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Heat coming sooner and sooner?

post #1 of 12
Thread Starter 
Well today we finally got spirit sprayed (and chipped of course). She is around 5 months old. Now when I got her from the shelter, both the shelter and the vet I was seeing at the time told me that I should wait till she was 6 months old, but some places would do it at 5 and a half. Heh well, she was already going into heat last week. The vet we are taking to her to now (costly, but very worth it, I have never been to a place that treats them better or does as detailed a job) told me that they try to get the cats sprayed before they hit 5 months old, as early as 3 months old.

Anyways, the point of this long story (sorry about that) is that I was talking with the vet and she told me that heat has been setting in sooner and sooner with all the cats she's seen. Does anyone have any idea why this is? If your cat even went into heat, what age was she?
post #2 of 12
It's spayed---no "r" .

My most recent kitten did go into heat at 4 months. 3 days before her scheduled spay . My vet made me wait 10 days because he doesn't like to do it when they're actively in heat. Fortunately she wasn't too obnoxious and it wasn't a problem keeping her inside. first kitten also went into heat at 4 months. And that was 19 years ago. Unfortunately, she's half Siamese and drove us all batty. And we couldn't have her spayed because we lived overseas and the military vet had a waiting list a mile long. She was 7 months when spayed and never stopped howling the entire time. . So I can't say that it's a recent development. Maybe people are just more aware now.
post #3 of 12
Many cats go into heat at 4 months of age - which is why the standard of 6 months is, IMO, very outdated!
post #4 of 12
Kandie went into heat 3.5 to 4 months age in 1988 ...

At that time the vet said about 10% of cats went into heat about 4 months and about 20% by 5 months

Likely just like humans the hormones in the food chain are causing earlier development
post #5 of 12
If they are, the likeliest reason is the same reason that it's happening in American girls: Nutrition is much better today than it was even fairly recently. Or, should I say, the caloric intake versus output for most Americans has been on a steady rise since about 1950.
post #6 of 12
Thread Starter 
wow, thanks for answering guys, I feel very....behind the times. I guess I still have alot to learn
post #7 of 12
I've noticed this too - don't know if its hormones in the food they are using (beef, chicken), etc. but when I was breeding cats in the 80's/90's, my females never came into heat before 8 months old. I used to let the males and females get spayed/neutered at around 8-9 months old with no problems - no pregnancies, etc.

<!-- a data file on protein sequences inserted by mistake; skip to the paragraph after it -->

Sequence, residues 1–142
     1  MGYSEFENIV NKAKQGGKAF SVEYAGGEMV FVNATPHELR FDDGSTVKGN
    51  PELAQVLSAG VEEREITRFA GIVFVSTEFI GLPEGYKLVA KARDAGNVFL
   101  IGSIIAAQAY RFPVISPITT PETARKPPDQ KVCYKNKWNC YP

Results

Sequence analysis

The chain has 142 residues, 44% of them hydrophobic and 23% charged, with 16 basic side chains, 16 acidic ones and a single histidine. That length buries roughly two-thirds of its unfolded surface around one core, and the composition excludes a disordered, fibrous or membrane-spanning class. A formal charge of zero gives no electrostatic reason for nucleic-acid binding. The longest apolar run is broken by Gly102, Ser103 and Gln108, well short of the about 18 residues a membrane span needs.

Then you started hearing about 6 month olds, now its as early as 4 months old. Kittens under 8 months old are really at risk for complications if pregnant. Their bodies still are growing.

I'm comfortable with doing them at 3-4 months old. I cannot imagine doing them at 8 WEEKS old, but shelters have to do that now because you have pregnant 4-5 month old kittens.

Its a growing problem, and those vets that refuse to spay/neuter before 6 months are behind in the times and really should start learning how to do them earlier.

I usually say that is your vet refuses to do them early, then go find a vet that WILL do them. Why put your kittens at risk. Kinda sad in a way, cause its so much fun to allow young kittens to play with brother/sister and now have to separate them at only 3 months old so they won't breed.
post #8 of 12
My preferred age to spay is 14 weeks. No later than 16 weeks, preferably not before 12 weeks (they're just so tiny at 8 weeks!). I'll wait longer for neuters, provided there's not an intact female in the house. So I usually go for 5-6 months for neuters, though I've gone as long as 7-8 months without seeing tomcat behaviors. They could still be fertile without showing tom behaviors, though. So if there was an intact female in the house for whatever reason, I'd neuter at 14 weeks, too.

The reaons 6 months was considered the proper age is because the old anesthetics weren't safe for pets under 6 months of age. The newer anesthetics are much safer, so there's no reason to wait.
post #9 of 12
only 2 of my girls ever went into heat - both of them at around 5 months old.
post #10 of 12
I had Chloe spayed when she was approximately 5 months old (in January 2008) and she hadn't gone into heat yet.
post #11 of 12
I must be lucky. Nora was spayed when she was 7 months old, and had yet to go into heat. Trust me, I did count my lucky stars. lol
post #12 of 12
Just keep one thing in mind - cats do not really have to be "in heat" to mate and get pregnant. If a male breeds her, she can release the eggs. Just that when she's in heat she's more receptive, but an aggressive tom can breed anytime whether she wants to or not!
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